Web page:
The World Health Organization (WHO) has deemed clusters of microcephaly and other neurologic disorders, combined with the spread of Zika virus, an international public health emergency.

The clusters — found a year ago in French Polynesia and in Brazil in recent weeks — are believed to be linked to the mosquito-borne virus, but their relationship has not yet been determined.

The public health emergency determination was made by a WHO emergency committee that WHO's director-general, Dr. Margaret Chan, formed last week. The committee met Monday in Geneva.

The committee did not find a public health justification for restrictions on travel or trade to prevent the spread of Zika, Chan said.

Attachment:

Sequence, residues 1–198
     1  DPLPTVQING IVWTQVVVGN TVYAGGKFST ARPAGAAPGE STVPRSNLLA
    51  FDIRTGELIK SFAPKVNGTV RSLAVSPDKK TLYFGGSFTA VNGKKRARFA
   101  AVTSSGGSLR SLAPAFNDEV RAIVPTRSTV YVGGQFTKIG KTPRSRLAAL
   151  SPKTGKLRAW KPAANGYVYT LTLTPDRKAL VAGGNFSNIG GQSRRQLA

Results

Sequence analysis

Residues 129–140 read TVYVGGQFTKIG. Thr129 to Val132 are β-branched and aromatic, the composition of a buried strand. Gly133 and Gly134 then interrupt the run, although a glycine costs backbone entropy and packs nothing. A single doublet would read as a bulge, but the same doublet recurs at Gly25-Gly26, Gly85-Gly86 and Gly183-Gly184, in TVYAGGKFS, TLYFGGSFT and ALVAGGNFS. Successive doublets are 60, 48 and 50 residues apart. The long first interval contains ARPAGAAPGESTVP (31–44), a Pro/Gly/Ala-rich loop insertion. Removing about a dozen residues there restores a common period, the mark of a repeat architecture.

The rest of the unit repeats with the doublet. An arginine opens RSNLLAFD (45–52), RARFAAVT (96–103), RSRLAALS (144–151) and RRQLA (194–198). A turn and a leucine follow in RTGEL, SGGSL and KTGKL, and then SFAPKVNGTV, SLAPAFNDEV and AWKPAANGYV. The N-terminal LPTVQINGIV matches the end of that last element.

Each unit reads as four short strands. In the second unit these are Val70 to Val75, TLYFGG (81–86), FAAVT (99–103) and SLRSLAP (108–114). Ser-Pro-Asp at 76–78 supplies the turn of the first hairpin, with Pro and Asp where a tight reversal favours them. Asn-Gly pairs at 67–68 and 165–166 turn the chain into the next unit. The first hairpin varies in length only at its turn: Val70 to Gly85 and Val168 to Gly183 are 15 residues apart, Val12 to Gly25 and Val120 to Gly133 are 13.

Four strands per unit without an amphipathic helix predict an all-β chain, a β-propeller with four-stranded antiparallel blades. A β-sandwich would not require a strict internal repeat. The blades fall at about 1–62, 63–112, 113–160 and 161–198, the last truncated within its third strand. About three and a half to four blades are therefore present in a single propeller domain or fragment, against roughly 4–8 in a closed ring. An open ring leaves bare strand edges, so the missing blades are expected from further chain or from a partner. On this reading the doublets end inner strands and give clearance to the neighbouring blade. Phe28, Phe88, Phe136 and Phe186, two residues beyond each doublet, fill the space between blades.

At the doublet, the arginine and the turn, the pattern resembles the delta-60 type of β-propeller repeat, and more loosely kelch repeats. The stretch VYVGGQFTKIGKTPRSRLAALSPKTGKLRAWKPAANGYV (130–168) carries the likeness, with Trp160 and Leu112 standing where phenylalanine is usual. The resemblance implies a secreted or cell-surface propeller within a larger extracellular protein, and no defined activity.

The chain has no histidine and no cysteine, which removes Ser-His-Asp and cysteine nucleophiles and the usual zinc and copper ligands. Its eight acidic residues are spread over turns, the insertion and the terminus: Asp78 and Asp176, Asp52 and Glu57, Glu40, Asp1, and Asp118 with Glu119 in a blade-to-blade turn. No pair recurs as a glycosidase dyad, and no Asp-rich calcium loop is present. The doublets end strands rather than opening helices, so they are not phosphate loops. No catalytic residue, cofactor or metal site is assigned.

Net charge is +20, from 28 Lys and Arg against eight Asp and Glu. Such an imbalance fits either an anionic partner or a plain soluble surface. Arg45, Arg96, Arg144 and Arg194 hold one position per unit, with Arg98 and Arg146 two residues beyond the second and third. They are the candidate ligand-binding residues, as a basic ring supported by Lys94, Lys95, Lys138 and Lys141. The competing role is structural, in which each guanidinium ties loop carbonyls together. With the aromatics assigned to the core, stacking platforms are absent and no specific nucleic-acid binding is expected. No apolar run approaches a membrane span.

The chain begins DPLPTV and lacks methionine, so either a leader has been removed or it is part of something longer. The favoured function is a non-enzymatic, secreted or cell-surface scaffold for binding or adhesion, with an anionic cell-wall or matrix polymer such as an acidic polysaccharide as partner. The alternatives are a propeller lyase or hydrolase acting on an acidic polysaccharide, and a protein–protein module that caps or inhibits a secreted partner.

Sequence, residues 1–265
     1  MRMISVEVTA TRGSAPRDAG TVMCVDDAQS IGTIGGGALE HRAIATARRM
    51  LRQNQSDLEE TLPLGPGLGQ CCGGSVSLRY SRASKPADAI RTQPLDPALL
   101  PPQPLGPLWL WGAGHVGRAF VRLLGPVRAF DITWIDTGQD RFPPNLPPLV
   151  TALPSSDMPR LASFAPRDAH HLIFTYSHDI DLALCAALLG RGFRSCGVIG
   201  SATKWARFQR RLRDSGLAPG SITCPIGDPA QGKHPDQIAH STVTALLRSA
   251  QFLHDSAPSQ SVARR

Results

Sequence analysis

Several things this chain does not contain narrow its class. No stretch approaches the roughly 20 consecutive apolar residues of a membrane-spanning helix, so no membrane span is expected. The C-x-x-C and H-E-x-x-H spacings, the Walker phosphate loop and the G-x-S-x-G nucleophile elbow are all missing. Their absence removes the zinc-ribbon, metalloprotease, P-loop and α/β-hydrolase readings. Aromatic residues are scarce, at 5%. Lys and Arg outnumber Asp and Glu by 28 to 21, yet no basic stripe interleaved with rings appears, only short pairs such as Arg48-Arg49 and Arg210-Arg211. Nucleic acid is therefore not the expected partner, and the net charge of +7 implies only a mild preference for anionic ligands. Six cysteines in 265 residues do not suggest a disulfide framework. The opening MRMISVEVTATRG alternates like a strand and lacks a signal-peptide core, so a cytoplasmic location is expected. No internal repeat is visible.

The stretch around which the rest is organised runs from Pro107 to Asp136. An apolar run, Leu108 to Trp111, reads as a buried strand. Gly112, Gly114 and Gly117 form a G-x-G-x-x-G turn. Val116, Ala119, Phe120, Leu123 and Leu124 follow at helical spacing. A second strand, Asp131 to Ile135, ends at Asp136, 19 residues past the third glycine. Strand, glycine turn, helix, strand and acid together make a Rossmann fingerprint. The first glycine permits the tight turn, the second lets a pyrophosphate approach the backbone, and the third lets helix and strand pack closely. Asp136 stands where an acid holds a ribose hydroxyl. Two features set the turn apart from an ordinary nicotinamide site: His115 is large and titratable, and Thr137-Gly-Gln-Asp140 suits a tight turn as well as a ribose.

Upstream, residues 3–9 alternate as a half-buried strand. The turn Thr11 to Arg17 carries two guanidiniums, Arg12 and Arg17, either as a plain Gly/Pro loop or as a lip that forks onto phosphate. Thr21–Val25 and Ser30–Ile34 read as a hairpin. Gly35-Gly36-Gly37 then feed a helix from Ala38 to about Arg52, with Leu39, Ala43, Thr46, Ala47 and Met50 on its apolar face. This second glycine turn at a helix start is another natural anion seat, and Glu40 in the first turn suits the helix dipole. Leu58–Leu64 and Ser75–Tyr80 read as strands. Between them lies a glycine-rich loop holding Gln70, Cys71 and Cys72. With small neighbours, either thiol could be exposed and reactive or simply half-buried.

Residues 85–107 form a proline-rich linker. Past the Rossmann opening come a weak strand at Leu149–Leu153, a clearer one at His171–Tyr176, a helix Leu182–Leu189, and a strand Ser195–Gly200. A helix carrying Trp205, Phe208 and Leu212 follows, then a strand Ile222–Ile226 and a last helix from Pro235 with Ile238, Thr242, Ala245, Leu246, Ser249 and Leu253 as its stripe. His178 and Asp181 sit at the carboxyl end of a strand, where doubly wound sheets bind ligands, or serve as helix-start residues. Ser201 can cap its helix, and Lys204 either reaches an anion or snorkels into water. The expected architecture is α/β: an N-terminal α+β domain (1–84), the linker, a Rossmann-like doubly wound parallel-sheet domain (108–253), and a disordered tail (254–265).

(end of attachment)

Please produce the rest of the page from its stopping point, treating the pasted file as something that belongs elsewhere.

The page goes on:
David Heymann, chairman of the committee and a professor at the London School of Hygiene and Tropical Medicine, said the committee made two recommendations: surveillance for microcephaly needs to be standardized, and research into the clusters needs to be intensified to see if they are, as suspected, related to Zika.

Chan pointed out that the U.S. Centers for Disease Control and Prevention — which has issued a travel alert recommending that pregnant women postpone travel to Zika-affected countries — is working closely with Brazil and other countries to establish if there is a causal relationship with Zika, microcephaly and Guillaine-Barre syndrome. The studies on the potential link will start within the next two weeks.

Heymann said he was unsure how long the studies would take to complete.

He also clarified that Zika on its own is not an international public health emergency.

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